What happens when classroom teachers get sued?

There is an interesting case brewing in New Jersey in which a parent claims that a school district is promoting Islam.  Jennifer Childress gave you a heads up about this case in the Daily Dawg on June 27th. Today I want to revisit the case to make some observations about classroom teachers as defendants.

The plaintiff sued the district, the superintendent, the director of curriculum, the principal, the supervisor of social studies and two middle school social studies teachers. I wonder what happened at the dinner table after the teachers found out about the suit.

Q:How was school today, honey?

A: It was good. All of my kids did well on the geography quiz. It was the nurse’s birthday, so we had cupcakes in the teacher’s lounge. The assistant principal asked me to serve on the advisory committee for next year. I got some very nice emails from one of the parents. Oh…and I’ve been named as a defendant in a federal lawsuit!

Despite widespread fear among teachers, they don’t get sued very often.  Lawsuits involving educational matters generally start at the higher pay grades. Superintendents get sued regularly.  Principals and HR directors occasionally. Teachers….very rarely.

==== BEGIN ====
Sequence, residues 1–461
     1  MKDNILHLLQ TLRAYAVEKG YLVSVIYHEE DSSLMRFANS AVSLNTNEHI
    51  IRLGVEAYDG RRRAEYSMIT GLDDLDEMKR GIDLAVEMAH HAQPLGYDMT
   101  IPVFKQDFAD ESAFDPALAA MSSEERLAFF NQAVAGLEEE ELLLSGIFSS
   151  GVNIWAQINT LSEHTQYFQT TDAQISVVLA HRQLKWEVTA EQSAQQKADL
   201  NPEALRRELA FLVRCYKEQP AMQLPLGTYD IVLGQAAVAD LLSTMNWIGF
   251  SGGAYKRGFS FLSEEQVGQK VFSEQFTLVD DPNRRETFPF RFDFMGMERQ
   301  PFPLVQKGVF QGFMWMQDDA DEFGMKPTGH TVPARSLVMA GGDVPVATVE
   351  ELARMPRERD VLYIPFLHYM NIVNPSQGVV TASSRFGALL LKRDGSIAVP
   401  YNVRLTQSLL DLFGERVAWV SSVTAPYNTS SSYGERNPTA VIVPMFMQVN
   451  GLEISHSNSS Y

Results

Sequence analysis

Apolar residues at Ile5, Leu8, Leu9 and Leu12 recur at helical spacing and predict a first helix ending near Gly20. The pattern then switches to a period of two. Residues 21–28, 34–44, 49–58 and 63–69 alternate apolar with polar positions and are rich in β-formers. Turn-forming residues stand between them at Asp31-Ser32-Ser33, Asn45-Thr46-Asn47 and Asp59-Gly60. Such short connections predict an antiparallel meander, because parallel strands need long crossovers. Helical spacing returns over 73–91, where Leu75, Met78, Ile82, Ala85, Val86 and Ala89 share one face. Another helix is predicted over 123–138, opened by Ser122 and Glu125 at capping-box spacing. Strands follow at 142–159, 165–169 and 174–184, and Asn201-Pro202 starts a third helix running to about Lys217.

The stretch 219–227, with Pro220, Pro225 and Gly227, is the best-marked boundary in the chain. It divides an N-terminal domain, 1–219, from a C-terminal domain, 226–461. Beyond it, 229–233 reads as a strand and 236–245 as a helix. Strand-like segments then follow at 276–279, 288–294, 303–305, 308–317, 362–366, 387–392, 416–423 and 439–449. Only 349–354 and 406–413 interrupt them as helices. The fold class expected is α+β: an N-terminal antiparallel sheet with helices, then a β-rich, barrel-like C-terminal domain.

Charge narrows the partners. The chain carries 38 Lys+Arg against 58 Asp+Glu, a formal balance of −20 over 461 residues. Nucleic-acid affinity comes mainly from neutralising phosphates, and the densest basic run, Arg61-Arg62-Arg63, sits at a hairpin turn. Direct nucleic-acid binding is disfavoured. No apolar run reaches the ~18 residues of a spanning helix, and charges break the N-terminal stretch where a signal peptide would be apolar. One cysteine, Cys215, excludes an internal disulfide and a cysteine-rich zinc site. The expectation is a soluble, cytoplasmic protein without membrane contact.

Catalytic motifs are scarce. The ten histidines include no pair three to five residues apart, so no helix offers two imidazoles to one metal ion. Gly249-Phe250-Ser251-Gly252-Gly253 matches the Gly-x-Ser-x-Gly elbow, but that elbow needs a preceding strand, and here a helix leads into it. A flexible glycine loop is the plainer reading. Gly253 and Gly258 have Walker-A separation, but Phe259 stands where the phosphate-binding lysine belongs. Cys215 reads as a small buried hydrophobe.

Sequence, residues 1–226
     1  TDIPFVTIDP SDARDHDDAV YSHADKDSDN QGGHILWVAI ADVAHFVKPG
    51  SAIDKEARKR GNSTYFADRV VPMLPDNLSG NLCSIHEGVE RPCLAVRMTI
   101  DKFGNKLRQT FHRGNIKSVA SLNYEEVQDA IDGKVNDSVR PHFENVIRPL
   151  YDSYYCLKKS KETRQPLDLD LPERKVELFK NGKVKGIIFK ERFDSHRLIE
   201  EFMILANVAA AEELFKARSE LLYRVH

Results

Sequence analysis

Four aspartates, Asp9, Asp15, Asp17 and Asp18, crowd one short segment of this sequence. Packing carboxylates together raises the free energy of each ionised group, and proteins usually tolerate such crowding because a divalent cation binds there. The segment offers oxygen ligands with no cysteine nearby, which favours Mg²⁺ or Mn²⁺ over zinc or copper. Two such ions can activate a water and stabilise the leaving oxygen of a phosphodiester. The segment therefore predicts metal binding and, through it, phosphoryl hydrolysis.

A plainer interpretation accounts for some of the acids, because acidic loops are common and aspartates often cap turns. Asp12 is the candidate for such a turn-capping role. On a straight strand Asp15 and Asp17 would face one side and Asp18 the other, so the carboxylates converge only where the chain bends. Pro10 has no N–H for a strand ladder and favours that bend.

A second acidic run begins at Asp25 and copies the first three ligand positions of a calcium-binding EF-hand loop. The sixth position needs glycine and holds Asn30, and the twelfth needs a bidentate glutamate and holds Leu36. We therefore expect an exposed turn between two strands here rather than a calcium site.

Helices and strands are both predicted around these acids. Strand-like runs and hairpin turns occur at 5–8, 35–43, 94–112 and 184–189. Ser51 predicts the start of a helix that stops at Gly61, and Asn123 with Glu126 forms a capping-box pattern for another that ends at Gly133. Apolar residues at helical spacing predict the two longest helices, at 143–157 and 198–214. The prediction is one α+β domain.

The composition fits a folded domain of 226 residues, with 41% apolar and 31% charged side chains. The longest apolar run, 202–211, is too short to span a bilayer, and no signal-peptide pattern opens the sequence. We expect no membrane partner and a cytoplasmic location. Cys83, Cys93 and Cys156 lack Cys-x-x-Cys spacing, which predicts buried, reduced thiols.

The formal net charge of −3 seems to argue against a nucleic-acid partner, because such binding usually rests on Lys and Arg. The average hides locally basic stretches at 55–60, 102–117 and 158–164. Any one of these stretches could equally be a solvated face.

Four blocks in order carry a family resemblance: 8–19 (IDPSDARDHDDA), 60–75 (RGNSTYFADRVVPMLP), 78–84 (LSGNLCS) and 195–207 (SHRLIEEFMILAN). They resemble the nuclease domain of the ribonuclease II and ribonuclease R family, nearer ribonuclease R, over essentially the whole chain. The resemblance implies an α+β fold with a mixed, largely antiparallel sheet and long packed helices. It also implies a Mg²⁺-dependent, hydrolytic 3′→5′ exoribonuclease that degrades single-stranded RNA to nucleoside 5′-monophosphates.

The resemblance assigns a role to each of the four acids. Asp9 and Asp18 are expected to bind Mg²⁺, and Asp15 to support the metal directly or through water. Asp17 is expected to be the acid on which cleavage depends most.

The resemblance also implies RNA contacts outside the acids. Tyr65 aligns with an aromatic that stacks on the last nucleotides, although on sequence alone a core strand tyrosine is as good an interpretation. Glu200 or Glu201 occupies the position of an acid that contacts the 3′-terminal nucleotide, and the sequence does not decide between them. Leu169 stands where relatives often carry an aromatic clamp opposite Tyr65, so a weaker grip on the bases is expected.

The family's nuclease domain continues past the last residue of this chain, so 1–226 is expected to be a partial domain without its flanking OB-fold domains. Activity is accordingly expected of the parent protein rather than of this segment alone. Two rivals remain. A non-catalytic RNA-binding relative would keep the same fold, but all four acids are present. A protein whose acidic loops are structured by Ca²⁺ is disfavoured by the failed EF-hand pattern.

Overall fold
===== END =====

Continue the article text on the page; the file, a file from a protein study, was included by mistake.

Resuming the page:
But in this case, the plaintiff sued two overworked, underpaid classroom teachers.  Lawyers tend to not take this as seriously as teachers do.  Lawyers deal with lawsuits all the time, and understand how the process works. But put yourself in the shoes of a teacher unfamiliar with legal procedure.  Seeing your name on federal court papers can be terrifying.

This case is in its early stages, and the judge chose not to dismiss the teachers from the suit.  But he strongly suggested that the plaintiff should drop them.  The court noted that if it becomes necessary to issue an injunction “an order directed to the local school authorities should be sufficient,” meaning that it’s really not necessary to name individual social studies teachers.

The judge gave the lawyers a strong hint:

To simplify the administration of this case I direct the parties to discuss a reduction in the defendant roster at their upcoming conference before the Magistrate Judge. They may wish to focus in particular on the necessity, and the pedagogical ramifications, or retaining the two defendants who are middle school social studies teachers.

I read that to mean: leave the teachers out of this.

I expect someone of you are wondering about the merits of this case. Are they promoting Islam in New Jersey?  Tune in tomorrow.

The case is Hilsenrath v. School District of the Chathams. The judge’s order was signed on June 18, 2018.  We found it at 2018 WL 2980392.


 Tomorrow: Are they really promoting Islam in Jersey????